"I felt a bit isolated, like the rest of the world around me went on with their lives the past year," said Kamps. "I felt like I was sent to another planet and lost a year of my life." Isolation, loneliness, and culture shock are common experiences for single soldiers after extended deployments.

Another problem is that the small day-to-day activities of civilian life can seem boring, mundane and insignificant to a soldier returning from combat, according to Army One Source officials.

" I've felt like I've had a bit of a chip on my shoulder and I've gotten upset when people have complained about little things," said Kamps.

Many soldiers expressed frustration that Americans seem more concerned about who will win the latest reality TV show then they are about the soldiers in Iraq.

"It seems like the majority of the population doesn't give a darn. We've got men and women overseas dying. See, Americans have always been blessed, they've never experienced war on the homeland," said Williams.

Soldiers who do make an effort to interact with civilians after they return are often faced with questions such as, "Did you kill anyone over there?" or "Did you ever get shot at?" Davis, who has been asked these questions by acquaintances at school, finds these questions very personal and inappropriate.

Deployed soldiers have very little time to themselves, have virtually no privacy and go through each day with an agenda usually planned by their superiors. For some returned soldiers, the biggest challenge is just figuring out what to do with all their free time.

"Getting up in the morning and not really having something to do, no PT, no formations," explained Andrew Davis, an Army Reserve specialist, "planning things out was tough."

Davis, 22, enlisted in the Army Reserve when he was 17. In 2001, he put off his first semester of college to attend required military training. Afterwards, he began studying English and political science at the University of Massachusetts in January 2002, and was able to complete one year before being called to active duty for service in Iraq. Davis served as an intelligence analyst at the military headquarters in Baghdad.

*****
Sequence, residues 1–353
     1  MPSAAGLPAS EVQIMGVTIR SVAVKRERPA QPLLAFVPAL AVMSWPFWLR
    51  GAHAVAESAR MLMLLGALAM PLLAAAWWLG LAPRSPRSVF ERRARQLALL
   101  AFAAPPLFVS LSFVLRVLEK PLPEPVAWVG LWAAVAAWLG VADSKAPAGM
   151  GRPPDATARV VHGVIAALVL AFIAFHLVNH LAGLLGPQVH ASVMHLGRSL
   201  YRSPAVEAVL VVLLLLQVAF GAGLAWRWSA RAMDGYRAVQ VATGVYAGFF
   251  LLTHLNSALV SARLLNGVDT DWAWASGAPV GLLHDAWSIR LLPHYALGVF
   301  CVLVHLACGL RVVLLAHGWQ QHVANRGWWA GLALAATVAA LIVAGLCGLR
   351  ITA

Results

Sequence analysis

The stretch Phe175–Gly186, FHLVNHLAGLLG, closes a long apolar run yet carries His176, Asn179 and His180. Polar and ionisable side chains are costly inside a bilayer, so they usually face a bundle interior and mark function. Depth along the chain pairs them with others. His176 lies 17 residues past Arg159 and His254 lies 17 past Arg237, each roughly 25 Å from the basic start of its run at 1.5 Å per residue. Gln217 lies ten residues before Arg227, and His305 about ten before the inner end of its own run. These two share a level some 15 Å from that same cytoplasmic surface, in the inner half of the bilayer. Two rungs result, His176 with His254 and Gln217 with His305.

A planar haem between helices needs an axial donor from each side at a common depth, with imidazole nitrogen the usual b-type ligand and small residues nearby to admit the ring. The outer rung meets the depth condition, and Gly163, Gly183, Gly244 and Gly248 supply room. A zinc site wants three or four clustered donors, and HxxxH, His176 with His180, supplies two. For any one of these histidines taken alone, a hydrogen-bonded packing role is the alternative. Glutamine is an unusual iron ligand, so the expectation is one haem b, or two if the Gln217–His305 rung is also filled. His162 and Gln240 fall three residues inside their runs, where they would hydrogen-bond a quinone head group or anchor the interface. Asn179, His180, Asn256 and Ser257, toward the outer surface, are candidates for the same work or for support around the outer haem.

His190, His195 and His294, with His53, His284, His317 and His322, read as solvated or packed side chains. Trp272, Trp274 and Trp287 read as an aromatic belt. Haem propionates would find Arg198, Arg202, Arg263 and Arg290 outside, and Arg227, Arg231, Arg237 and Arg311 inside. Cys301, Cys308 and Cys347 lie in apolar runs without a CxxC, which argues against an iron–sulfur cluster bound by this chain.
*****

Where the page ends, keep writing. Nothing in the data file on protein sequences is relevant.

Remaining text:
He was eager to return to school when he re-deployed home last spring. But back on campus he discovered that many of his friends were on the verge of graduation and he was still barely a sophomore. He felt he no longer fit in with his college peers, and decided not to return to U Mass, instead transferring to Harvard Extension to attend a continuing education program.

"I really don't want to be around 18- or 19-year-olds," Davis explained. "Their opinions are totally based on what they've learned in class and not on what they've learned in life. It's hard to talk to people like that because they have no real perspective."

The 24-hour news cycle can put an additional strain on soldiers and their families both during and after the deployment. Soldiers who want to move on are faced with images of Iraq and soldiers dying everyday on television.

"One of the biggest challenges is the fact that news coverage is live," said Keith, the One Source director. "Family members seeing events unfold are often worried that their loved one could be involved in the latest set of attacks. With instant e-mail and cell phones, soldiers and their families can be in constant communication, which can lead to additional stress and expectations, he added.